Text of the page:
Tuesday, December 12, 2006

The Other Side

There is a group of Korean adoptees out there who are very vocal and very well written. It is to my discredit that I’ve often hoped that they were not so well written and vocal. As a whole, I enjoy reading the other side. One of the best books I read was the history of the American Revolution written from the British point of view. However, I’ve discovered that I avidly avoid several of these Korean adoptees’ writings. I realized how bad it had gotten this evening when I wouldn’t even open a link because I saw who had written it.

I’ve always understood why adoptive parents (non-Korean adoptees) have chosen to avoid these sites. I do not understand why adoptive parents who don’t want to hear what they say choose to go to these sites and then insult the writers. Perhaps it is a jerk reaction to defend the choice that you made. I’m not sure. It’s hard to read some of these sites without coming away a little disturbed or depressed.

It finally hit me while I was putting my son to sleep tonight. I know why these sites make me so uncomfortable. It’s because it forces me to ask a question. Why don’t I agree with them? The problem is that I don’t have the answer. It disturbs me that there is a question out there and I don’t know where to begin to search for the answer.

A part of me thinks that I should know this answer. I lived it. I should know why I embraced adoption as a fact of my life and why I am fine with who I came to be. If I knew this answer then I could guide my son in the same direction…right? The mystery would be gone. Yet here I stand (or sit) and I don’t have the answer. I lived it and I don’t have a clue how I got here.

I realize now that one of the reasons I avoid reading their posts, articles and books is that I envy them. The Korean adoptees who don’t support adoption seem to be able to lay out their reasons with bullet points. Here I am…thirty-one years a Korean adoptee and two and a half years the mother of a Korean adoptee and I can’t even add one bullet point to my list. I just am the way I am. Most likely, my son will be just the way he wants to be too.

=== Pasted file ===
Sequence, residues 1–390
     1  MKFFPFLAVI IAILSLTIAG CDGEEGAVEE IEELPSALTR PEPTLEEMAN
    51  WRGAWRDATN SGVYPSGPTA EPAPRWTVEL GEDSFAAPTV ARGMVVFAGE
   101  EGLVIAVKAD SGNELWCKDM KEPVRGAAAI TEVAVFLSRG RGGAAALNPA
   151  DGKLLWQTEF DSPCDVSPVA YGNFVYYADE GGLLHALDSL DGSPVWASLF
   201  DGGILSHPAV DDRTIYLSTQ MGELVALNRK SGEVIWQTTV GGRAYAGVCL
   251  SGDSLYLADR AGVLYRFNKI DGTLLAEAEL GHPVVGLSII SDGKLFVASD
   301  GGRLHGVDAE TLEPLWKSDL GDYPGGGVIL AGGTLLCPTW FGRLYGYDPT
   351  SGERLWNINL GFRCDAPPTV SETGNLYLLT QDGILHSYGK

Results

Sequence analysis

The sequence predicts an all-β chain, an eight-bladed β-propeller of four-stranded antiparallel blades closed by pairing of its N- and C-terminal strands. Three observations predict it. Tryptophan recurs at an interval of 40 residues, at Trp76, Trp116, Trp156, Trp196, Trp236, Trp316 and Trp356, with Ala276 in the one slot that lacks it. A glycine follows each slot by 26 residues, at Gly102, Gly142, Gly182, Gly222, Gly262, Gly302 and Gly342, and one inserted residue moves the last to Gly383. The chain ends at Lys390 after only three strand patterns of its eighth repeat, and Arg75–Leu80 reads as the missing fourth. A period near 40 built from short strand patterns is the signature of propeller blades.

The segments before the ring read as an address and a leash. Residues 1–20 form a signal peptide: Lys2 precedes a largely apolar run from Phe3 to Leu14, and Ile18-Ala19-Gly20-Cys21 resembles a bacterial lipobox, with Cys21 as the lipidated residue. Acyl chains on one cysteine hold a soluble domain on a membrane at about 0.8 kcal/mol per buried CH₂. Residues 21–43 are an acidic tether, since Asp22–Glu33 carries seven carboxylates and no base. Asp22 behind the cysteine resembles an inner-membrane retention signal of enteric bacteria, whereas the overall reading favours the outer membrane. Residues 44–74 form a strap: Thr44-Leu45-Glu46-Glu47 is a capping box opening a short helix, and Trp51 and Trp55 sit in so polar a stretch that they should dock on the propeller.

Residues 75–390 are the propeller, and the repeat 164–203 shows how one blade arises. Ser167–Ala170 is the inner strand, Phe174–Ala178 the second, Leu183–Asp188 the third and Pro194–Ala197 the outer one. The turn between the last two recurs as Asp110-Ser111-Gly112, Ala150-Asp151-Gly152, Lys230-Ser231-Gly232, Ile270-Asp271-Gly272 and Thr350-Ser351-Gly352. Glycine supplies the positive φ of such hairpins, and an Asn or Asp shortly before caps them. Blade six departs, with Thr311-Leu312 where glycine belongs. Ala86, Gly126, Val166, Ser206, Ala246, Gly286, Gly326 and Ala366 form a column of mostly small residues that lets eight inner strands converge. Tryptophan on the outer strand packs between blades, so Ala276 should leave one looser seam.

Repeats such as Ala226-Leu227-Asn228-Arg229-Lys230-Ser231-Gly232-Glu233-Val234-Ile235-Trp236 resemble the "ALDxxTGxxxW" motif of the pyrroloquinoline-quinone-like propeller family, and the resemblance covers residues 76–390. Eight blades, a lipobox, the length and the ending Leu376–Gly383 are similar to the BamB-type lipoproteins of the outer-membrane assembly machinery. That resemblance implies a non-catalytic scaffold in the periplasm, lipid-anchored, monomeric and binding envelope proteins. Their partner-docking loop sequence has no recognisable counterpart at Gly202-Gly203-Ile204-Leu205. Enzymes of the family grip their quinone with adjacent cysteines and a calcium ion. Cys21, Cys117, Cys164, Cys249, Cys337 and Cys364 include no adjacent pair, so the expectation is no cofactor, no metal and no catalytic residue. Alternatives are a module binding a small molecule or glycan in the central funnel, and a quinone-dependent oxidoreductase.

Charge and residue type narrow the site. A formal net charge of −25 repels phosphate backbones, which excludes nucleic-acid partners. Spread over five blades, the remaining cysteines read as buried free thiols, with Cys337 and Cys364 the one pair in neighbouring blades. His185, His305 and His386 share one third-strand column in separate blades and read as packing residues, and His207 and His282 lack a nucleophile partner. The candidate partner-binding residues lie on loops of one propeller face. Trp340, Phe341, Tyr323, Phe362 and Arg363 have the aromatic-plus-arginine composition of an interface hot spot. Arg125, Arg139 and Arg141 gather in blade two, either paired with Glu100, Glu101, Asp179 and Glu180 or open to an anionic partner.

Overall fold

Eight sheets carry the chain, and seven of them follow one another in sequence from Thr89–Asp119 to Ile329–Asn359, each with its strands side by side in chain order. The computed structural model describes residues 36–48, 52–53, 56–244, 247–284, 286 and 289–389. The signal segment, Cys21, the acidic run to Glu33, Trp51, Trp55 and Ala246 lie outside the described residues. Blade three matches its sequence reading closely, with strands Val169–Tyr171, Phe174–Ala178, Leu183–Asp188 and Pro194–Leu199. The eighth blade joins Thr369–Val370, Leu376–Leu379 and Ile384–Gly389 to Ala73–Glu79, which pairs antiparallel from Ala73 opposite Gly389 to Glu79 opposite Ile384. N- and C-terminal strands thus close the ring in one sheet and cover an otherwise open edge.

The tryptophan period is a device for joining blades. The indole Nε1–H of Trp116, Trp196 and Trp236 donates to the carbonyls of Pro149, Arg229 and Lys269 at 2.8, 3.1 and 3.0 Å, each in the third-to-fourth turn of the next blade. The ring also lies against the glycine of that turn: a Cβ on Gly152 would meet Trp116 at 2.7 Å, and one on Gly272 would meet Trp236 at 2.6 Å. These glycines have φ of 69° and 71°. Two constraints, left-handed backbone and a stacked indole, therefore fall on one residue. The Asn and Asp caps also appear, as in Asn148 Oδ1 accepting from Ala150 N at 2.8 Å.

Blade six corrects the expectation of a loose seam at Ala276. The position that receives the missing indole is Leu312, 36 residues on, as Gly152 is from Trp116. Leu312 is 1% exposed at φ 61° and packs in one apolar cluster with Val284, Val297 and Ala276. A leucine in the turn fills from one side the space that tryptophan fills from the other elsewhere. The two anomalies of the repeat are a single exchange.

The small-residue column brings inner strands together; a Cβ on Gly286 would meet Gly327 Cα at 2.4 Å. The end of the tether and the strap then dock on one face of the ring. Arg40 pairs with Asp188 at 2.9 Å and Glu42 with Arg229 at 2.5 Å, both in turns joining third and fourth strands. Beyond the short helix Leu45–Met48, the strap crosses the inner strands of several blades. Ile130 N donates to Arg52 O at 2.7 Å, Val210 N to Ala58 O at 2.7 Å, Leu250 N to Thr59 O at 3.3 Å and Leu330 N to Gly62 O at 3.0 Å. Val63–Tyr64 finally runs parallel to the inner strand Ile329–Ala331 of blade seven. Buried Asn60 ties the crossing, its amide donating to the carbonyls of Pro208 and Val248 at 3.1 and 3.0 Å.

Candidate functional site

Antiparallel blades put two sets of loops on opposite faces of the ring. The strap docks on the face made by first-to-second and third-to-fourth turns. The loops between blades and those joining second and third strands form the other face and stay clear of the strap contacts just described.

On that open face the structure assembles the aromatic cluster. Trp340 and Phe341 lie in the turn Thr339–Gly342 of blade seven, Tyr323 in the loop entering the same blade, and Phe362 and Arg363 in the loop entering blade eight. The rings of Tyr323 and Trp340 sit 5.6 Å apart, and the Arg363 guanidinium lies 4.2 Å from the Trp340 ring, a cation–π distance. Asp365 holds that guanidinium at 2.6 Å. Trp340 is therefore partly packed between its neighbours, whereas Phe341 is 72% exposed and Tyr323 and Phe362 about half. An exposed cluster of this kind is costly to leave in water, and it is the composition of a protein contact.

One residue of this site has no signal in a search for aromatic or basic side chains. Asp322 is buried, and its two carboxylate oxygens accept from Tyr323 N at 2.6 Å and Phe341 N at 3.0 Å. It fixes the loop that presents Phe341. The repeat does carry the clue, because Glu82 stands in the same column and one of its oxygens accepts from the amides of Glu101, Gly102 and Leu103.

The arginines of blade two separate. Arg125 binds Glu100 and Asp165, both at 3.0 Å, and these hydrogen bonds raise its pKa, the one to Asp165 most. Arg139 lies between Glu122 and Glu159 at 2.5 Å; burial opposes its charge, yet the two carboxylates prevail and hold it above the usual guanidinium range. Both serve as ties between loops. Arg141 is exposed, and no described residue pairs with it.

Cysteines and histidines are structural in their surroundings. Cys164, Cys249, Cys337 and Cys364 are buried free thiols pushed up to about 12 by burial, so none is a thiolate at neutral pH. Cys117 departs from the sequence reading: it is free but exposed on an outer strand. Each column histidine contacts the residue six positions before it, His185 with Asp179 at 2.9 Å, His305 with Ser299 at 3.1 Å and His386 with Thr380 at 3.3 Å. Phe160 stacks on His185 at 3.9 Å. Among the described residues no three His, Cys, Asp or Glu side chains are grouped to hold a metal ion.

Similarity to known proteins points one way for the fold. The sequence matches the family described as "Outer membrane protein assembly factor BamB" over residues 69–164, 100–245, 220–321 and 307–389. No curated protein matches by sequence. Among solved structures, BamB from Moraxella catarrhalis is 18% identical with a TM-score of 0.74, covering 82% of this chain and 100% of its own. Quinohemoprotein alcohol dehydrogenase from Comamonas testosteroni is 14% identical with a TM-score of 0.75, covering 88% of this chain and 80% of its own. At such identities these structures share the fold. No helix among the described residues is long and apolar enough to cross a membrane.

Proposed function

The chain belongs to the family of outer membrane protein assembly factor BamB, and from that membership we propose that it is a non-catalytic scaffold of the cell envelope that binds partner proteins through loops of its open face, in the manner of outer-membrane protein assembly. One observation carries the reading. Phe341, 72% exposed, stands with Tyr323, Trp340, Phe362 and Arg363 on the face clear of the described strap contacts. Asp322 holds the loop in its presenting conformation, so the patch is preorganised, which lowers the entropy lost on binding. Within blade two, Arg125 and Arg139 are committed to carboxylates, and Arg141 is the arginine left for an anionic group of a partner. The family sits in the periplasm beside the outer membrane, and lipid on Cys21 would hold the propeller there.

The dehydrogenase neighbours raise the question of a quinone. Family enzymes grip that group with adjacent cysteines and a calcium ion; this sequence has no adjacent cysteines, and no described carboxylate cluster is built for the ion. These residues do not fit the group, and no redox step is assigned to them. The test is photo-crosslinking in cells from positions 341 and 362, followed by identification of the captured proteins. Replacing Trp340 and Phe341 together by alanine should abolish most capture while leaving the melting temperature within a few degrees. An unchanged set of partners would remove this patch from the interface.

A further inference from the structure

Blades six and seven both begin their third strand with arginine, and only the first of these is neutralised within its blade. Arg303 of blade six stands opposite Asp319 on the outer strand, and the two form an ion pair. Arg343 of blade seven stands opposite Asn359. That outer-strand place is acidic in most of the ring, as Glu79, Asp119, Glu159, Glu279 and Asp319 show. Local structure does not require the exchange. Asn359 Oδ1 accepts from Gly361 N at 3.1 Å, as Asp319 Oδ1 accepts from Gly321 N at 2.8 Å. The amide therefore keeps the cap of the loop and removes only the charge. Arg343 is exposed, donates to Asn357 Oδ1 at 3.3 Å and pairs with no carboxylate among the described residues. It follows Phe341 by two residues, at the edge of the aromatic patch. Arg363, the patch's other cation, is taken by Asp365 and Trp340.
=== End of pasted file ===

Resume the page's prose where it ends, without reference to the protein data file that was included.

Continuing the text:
Anonymous said...

Hi Mo,

I've really enjoyed reading your blogs because we seem to have a lot in common. I am a 31-year old Korean adoptee who is in the process of adopting from Korea.

I grew up in California, where being in a biracial white/asian family seemed normal to me. I never even knew about this "other side" until I started doing some online research when my husband and I started our adoption process. Your post just now sums up my feelings and thoughts really well.

I'm really glad your voice is out there on the web. It makes me feel like my experience is being represented too. Thank you.

Mo said...

It's so nice to see that I'm not alone.

Anonymous said...


I truly feel that being a Male Korean Adoptee has been more difficult than being female in this country. I am for every child to have a home, and being surrounded by loving parents. Do not every child deserve to find and understand LOVE?

However, even after my personal "success" of adoption and integration into main stream Americana life; do I support transnational adoption?

YES only in the circumstance of having found a family that truly has loved me since age 5; but NO because of the toll of loss, having lost much. It is indeed a very complex issue and right now I'm fighting to have DUEL CITIZENSHIP and having my rights back and voice in being KOREAN.